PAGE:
Charles G. Nelson
Professor, German Russian and Asian Languages and Literatures

Madeline H. Caviness
Mary Richardson Professor, Art and Art History

Group IV: Limitations on inheritance rights of unmarried daughters
Landrecht I, 5, 2

Oldenburg 9v

Dresden 5v

Wolfenbüttel 11v

The law states that an unmarried daughter living in the house of her parents does not share her [presumably deceased] mother's dowry with a married daughter. But she must share with her married sister any other inheritance. This is emphatically shown in picture at the foot of the verso, where the unwed daughter with loose hair is sharing an elaborate Doppelbecher (double-covered jar), a metonymy for the inheritance.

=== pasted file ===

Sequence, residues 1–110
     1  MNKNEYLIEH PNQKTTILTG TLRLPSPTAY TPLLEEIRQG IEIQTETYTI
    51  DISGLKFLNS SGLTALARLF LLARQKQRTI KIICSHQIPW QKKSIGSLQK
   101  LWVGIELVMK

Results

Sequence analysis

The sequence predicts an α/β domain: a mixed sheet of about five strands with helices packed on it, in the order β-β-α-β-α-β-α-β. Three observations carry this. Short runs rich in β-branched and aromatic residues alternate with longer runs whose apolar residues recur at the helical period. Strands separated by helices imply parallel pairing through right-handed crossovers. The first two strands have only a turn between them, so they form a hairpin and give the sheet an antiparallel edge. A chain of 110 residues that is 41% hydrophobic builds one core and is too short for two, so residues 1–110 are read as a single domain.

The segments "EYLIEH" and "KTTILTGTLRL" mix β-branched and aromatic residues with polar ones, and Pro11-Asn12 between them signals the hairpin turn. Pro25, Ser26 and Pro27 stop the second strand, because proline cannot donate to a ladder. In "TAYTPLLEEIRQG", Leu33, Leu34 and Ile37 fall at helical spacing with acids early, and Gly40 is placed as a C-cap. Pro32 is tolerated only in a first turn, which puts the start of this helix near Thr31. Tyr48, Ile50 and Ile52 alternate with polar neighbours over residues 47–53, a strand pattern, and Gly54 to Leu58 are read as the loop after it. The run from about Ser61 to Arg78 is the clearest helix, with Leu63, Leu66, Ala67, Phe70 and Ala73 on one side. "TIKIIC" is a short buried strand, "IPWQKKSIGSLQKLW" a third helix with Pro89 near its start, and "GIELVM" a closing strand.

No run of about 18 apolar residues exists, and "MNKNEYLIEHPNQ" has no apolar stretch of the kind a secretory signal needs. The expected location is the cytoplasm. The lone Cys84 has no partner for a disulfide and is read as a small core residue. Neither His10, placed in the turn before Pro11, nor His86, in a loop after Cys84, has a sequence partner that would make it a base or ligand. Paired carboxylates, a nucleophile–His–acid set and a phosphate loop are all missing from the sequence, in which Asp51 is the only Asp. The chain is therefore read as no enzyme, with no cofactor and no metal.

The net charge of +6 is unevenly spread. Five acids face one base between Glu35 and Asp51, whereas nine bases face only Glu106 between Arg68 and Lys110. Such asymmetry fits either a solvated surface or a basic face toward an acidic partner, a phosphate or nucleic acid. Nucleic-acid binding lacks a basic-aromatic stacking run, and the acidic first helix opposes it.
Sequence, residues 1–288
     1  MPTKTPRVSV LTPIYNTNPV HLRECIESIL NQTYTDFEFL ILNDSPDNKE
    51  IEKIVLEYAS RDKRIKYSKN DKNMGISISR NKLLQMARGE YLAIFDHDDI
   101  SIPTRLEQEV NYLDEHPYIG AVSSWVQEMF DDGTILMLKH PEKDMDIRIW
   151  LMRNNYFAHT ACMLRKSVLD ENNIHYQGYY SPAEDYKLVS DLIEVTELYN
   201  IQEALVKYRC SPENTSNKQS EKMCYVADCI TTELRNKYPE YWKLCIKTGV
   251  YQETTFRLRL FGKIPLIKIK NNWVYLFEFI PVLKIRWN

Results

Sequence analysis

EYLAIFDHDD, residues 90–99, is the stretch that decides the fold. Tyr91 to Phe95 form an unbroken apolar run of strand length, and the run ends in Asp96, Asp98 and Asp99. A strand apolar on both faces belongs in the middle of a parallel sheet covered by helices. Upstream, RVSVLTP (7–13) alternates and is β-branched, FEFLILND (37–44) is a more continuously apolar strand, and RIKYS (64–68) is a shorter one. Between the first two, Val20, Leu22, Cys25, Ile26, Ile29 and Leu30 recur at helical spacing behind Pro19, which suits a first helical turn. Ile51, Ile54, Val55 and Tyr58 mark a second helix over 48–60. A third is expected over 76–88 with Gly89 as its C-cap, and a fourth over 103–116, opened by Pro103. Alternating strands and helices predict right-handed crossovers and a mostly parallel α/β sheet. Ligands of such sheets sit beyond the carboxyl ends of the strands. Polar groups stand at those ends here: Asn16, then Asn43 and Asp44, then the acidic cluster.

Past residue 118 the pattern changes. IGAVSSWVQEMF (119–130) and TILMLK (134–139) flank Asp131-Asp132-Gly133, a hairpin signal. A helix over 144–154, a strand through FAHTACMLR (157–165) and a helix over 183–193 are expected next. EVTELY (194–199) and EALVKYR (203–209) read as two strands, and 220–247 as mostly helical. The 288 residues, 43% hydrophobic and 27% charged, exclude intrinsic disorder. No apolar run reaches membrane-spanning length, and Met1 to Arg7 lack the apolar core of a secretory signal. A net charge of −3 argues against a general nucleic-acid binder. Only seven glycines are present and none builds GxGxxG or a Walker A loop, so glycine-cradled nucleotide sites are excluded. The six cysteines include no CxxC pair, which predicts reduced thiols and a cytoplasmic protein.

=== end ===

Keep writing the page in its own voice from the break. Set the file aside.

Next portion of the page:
She stands between her married sister and her gerade, shears (a metonymy for the gerade), a brush, a chest. We see her as a partial and fleeting owner, immediately having to relinquish some of her inheritance. This limiting action follows on equivocations about the ability of the handicapped to inherit: The feeble-minded and dwarves, and even cripples, could not acquire a fief by inheritance. The fact that the heirs must take them into their care is stated but not shown; we see only a cripple and a leper with his bell and begging bowl. Looking at these deviants (registers 2 and 3) on the same page as the unmarried daughter, some kind of affinity is suggested. Layered between them are the sons who have unequivocal rights of inheritance from their father (registers 4 and 5).

Home | Group I | II | III | IV | V | VI | VII | VIII | IX | X | XI

This web site is hosted by the Tufts University Archives and Special Collections

Contact the Archives at: University Archives
Tisch Library, Tufts University 

Medford, Massachusetts 02155 / 617-627-3737
Copyright © 1999 Trustees of Tufts College. All rights reserved.